USPS Saturday Delivery Elimination Plan Thwarted: Congress Left Postal Service 'With No Choice' But To Abandon Proposal

 

After months of speculation that the demise of Saturday delivery from the U.S. Postal Service was coming in August, Americans will be getting their mail on Saturday, after all.

The postal service’s Board of Governors said Congress “has left it with no choice” but to abandon the plan to stop Saturday mail delivery, the Associated Press reports.

Citing financial losses, the U.S. Postal Service planned to cut back deliveries for all mail except packages on Saturdays. The agency lost $16 billion in 2012.

But Congress thwarted that plan after it passed a spending bill that includes a provision prohibiting such a move, according to AP.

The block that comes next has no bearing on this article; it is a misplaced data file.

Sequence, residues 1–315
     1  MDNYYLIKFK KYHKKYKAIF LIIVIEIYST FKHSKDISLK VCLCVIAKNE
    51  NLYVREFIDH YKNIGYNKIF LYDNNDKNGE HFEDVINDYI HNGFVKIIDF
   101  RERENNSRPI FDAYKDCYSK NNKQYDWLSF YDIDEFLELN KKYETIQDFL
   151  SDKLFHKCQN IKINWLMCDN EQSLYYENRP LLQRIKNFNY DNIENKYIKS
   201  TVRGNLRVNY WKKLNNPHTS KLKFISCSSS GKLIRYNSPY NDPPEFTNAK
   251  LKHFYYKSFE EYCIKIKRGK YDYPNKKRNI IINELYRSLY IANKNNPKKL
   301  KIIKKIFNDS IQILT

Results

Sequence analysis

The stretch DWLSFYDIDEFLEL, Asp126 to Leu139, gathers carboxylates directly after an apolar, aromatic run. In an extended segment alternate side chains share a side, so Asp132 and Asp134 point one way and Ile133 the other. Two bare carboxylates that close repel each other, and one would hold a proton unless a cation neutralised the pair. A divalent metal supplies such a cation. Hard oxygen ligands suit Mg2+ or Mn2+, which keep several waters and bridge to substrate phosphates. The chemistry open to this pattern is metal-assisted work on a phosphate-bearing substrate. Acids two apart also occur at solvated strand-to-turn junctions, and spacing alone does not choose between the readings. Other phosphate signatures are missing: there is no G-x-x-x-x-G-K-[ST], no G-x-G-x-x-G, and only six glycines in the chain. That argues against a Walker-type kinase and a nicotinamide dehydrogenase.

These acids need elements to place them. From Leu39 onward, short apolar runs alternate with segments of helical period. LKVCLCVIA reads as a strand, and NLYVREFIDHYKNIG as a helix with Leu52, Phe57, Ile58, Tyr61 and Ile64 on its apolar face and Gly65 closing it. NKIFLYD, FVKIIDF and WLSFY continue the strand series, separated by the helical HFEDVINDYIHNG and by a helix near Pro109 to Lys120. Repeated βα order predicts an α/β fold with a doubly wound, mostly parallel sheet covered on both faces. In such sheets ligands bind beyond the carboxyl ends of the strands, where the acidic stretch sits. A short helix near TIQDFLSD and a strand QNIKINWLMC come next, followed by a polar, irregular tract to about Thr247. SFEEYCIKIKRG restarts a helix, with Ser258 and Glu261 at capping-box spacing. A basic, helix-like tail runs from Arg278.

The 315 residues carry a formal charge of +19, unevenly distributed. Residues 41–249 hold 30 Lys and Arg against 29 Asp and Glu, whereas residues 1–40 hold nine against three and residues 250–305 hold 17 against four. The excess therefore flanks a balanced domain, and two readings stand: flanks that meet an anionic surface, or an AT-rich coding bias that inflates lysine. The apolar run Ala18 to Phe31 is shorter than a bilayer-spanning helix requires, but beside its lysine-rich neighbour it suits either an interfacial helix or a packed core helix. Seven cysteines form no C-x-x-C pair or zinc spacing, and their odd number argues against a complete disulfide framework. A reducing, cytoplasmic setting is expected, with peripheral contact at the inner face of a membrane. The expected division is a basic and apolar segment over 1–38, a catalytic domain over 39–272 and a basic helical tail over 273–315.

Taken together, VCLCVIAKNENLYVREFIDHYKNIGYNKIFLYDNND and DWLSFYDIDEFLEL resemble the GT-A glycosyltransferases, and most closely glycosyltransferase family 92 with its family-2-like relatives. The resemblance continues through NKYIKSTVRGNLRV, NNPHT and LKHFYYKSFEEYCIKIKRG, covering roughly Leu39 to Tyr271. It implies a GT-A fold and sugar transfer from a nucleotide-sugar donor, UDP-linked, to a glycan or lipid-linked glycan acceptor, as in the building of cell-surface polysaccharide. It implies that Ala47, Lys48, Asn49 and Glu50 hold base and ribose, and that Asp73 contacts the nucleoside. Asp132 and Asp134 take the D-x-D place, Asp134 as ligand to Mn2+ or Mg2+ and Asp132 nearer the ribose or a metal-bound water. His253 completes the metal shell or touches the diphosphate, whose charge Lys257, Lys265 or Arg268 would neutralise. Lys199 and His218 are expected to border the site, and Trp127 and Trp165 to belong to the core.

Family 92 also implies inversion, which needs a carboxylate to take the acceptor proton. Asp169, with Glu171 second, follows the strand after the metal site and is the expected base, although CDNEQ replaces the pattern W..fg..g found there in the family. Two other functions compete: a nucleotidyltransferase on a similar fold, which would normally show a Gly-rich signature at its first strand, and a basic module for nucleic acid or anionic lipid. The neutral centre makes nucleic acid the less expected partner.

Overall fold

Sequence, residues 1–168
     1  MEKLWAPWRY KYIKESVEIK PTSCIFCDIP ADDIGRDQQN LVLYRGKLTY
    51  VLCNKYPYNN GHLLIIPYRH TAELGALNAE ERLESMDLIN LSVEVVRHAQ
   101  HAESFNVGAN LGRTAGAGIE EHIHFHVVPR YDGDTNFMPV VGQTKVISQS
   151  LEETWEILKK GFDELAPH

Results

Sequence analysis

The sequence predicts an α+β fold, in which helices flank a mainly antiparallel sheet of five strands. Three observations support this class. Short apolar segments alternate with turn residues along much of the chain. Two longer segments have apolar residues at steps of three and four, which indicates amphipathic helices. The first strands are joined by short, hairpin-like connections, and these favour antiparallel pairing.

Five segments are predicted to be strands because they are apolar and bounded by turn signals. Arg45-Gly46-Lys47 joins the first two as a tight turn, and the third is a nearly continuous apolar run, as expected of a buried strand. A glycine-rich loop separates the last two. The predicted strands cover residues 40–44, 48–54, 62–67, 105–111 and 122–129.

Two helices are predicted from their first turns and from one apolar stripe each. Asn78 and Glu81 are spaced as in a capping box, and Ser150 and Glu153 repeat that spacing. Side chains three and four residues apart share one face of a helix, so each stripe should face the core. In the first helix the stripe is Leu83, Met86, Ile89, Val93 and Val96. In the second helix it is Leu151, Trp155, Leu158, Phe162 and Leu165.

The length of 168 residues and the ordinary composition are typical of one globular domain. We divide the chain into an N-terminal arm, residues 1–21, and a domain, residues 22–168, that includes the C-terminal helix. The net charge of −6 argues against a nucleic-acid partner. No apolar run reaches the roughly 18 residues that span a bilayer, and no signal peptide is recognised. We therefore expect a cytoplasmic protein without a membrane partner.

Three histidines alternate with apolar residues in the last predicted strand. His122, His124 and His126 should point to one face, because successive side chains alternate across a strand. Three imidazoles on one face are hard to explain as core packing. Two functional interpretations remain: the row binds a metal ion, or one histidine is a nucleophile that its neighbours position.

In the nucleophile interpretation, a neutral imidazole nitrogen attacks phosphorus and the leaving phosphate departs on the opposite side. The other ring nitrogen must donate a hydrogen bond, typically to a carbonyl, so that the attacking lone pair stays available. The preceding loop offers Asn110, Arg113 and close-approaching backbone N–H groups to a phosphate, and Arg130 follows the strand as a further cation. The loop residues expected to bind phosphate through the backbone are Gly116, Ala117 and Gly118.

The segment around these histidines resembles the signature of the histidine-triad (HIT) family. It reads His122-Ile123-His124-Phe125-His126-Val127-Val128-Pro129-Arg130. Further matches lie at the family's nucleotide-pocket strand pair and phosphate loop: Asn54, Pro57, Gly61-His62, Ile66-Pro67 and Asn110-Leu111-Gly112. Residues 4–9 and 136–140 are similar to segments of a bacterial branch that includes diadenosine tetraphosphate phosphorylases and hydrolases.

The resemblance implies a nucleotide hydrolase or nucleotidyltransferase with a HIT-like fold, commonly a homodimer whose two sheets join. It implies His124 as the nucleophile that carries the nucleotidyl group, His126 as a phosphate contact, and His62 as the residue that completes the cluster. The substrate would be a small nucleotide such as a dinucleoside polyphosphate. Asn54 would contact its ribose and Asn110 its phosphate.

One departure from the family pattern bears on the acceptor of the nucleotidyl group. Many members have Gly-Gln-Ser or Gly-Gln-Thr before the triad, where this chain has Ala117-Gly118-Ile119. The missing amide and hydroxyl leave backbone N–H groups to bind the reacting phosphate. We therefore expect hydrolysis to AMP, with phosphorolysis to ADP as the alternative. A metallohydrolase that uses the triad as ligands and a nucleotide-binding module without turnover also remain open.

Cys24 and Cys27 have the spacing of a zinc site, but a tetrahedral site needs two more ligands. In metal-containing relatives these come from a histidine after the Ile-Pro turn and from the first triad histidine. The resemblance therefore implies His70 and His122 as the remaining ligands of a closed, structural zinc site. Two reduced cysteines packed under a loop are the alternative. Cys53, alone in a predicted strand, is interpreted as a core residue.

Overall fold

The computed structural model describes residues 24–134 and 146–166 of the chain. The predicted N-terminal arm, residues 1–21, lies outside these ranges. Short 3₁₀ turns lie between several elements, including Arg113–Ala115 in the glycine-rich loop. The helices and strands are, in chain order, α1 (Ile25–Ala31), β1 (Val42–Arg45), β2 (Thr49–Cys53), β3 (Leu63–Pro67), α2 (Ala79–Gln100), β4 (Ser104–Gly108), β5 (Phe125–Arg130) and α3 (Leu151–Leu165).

The move to cut back to five days of mail delivery would have saved the post office $2 billion a year.

U.S. Sen. Tom Coburn, R-Okla., and U.S. Rep. Darrell Issa, R-Calif., were among the legislators leading the charge against ending Saturday delivery.

"The Board of Governors has a fiduciary responsibility to utilize its legal authority to implement modified six-day mail delivery as recently proposed,” they wrote in a letter to the postal service late last month, according to Reuters.

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